A panel appointed by Gov. Michelle Lujan Grisham in June has released a slew of recommendations to forge legislation to legalize recreational marijuana in New Mexico that would expunge cannabis possession convictions and to ensure that those who use medical marijuana will not be negatively affected.

The Marijuana Legalization Working Group’s 16-page report made public last week — and sent to Lujan Grisham — includes an executive summary of its proposals and an overview of fees and licensing structure to support the panel’s suggestions. The report also has a detailed analysis of the group’s deliberations and technical recommendations, all of which will be submitted to bill drafters.

The group says legalization is expected to create 13,000 new jobs, $850 million in annual sales and $100 million in annual revenue for state and local governments. They also recommended training law enforcement in how to deal with problems involved with marijuana use, including driving under the influence and other related actions that could be dangerous to the public at large.

Sierra County Sheriff Glen Hamilton, the New Mexico Sheriff’s Association’s legislative liaison, told the working group in September: “If you find a bill sheriffs, the ACLU, and defense attorneys can all live with, you should pass it.”

But according to the association’s chairman, Cibola County Sheriff Tony Mace, even though law enforcement training for legalization is necessary, making marijuana legal creates other problems for local and state police, and sheriffs.

“Our position as an association is we’re waiting to see where it goes through the legislative process,” Mace told InsideSources. “We know it’s on the governor’s agenda and some other people really want to see this legalization of marijuana.

“But, we are all trained that marijuana is a gateway drug to other drugs and no matter what they pass on the state level it’s still going to illegal on the federal level,” he said. “In New Mexico we already have a huge problem with alcohol abuse and with the legalization all we are doing is throwing another match into the fire.

“We want to make sure that if it does get legalized that there is some money set aside for training law enforcement, because there are going to be impairment issues,” Mace said. “We need to train law enforcement to basically [understand] when somebody is operating a motor vehicle under the influence of marijuana, because we do know it does slow down your motor skills … and it will impair driving. “

Pat Davis, chairman of the advisory panel and a member of the Albuquerque City Council, said in his letter to the governor accompanying the report, that medical marijuana users will be protected under the group’s proposals — a chief concern of many who are watching the legalization process.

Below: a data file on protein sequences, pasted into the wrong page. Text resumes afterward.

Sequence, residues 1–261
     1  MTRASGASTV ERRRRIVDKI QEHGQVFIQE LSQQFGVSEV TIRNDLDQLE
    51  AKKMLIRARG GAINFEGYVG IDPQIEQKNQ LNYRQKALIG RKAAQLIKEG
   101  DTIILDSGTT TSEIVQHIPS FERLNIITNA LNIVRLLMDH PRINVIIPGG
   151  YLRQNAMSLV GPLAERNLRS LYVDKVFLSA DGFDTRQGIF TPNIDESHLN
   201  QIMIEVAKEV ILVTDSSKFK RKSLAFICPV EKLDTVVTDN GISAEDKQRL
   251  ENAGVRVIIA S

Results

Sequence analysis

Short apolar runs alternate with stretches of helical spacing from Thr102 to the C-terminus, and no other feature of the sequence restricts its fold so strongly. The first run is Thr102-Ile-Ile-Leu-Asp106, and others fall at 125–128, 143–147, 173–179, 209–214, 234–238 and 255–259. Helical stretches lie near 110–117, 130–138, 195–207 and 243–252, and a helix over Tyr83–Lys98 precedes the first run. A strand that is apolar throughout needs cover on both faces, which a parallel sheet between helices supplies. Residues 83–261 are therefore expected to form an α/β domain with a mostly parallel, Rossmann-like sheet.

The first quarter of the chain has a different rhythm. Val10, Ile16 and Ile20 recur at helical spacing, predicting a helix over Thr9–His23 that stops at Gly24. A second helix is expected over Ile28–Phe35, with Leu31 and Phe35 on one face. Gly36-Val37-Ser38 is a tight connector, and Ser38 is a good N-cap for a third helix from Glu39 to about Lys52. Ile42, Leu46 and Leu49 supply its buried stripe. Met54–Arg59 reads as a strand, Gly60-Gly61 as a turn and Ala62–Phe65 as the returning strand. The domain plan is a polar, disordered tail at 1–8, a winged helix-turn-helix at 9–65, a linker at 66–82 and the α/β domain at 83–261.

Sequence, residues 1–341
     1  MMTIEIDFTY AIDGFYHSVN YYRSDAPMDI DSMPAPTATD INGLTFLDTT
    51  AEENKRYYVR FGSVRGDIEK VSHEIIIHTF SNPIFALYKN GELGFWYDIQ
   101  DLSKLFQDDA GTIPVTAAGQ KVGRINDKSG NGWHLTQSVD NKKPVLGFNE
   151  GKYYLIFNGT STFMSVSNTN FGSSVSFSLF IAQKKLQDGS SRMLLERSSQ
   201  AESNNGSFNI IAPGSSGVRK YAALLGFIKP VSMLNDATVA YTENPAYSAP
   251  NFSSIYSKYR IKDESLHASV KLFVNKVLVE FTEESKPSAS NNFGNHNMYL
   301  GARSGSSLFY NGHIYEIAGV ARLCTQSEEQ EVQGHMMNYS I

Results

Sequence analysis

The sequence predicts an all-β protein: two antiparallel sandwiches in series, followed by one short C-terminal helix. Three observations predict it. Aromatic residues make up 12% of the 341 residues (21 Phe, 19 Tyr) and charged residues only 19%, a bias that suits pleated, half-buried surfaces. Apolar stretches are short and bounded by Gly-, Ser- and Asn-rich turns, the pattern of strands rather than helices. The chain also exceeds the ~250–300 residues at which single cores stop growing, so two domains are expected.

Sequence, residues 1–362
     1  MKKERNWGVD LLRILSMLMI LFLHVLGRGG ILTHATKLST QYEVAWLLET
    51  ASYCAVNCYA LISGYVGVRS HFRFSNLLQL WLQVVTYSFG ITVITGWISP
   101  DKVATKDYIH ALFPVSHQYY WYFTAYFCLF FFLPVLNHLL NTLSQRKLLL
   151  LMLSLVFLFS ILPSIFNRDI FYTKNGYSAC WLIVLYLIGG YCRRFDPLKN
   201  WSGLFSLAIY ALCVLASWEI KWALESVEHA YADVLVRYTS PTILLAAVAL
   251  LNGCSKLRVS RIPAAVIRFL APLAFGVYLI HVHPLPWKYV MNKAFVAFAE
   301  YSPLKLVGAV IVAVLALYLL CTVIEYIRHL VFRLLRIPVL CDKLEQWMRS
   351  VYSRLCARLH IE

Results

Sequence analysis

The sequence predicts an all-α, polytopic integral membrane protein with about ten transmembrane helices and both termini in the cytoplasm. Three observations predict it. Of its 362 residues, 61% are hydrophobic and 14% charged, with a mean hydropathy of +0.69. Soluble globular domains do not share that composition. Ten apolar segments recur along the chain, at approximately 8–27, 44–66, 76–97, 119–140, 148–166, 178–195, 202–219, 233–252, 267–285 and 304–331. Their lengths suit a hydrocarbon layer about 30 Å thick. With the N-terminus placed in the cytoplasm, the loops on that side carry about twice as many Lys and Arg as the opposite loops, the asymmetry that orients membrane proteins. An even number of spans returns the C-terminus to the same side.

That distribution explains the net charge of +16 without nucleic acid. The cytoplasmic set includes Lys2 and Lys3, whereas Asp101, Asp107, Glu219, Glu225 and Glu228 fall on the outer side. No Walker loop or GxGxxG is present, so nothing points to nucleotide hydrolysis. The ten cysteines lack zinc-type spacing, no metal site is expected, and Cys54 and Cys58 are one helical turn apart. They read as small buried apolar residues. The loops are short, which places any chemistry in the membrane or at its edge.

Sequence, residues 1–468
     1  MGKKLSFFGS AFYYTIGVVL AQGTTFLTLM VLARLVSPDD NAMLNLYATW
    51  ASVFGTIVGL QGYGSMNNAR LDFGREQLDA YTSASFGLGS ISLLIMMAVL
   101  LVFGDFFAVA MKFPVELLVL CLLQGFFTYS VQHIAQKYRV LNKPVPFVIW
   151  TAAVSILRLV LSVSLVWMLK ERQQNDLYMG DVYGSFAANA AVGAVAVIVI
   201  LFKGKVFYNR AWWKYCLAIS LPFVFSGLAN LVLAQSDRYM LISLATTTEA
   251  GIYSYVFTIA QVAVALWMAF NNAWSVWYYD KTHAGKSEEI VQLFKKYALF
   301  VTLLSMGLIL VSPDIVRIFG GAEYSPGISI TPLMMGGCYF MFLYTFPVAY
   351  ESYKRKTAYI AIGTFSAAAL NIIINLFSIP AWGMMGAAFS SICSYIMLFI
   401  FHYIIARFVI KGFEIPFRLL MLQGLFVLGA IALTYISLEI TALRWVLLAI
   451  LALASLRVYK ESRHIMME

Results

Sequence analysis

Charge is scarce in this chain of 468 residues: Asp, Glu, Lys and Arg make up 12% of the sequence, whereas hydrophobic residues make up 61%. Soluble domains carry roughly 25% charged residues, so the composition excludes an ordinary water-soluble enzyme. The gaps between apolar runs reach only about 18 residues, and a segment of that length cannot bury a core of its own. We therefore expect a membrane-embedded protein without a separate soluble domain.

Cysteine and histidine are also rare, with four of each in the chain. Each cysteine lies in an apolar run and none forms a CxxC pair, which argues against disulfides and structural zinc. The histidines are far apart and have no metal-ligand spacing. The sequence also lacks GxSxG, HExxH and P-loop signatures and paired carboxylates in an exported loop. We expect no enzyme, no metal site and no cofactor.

“As you will see, we are recommending an entirely new model for building a recreational program. We intend to protect patient access and affordability with a ‘patient first’ supply model,” Davis wrote. “It requires licensees to build and maintain strong medical programs before entering the recreational market.”

The report also recommends that medical marijuana — which is now taxed an average 7 percent — become tax-free. Millions of dollars would also be used to subsidize cannabis for low-income patients.

Davis also said the advisory group dealt with the issues concerning law enforcement.

“We listened to concerns from law enforcement that officers need new training and tools to identify and investigate drugged driving and that New Mexico should tread lightly in adopting policies from other states that had unintentionally created stronger illicit markets,” he wrote.

New Mexico director of the Criminal Justice Reform Strategy for the Drug Policy Alliance, Emily Kaltenbach, praised the recommendations saying they complemented DPA’s vision.

“Many of the working group’s recommendations reflect DPA’s priorities, including creating equity in the marketplace, reinvesting back into communities most harmed by prohibition, protecting the medical cannabis program, safeguarding children, and establishing strong consumer protections,” said Kaltenbach, who was also a group member.

“Having worked towards cannabis legalization in New Mexico for the better part of the last decade, we are grateful the Governor’s office involved us in this process by inviting us to be a part of the working group,” she said. “We are excited by the opportunity to help shape New Mexico’s policies as it looks to become the 12th state in the country to legalize and regulate cannabis.”

People on both sides of the issue have noted that any legislation introduced could reflect a bill that failed in the last legislative session. However, Davis said there are enough changes in the recommendations that the group believes they would be the basis for legislation that would pass muster.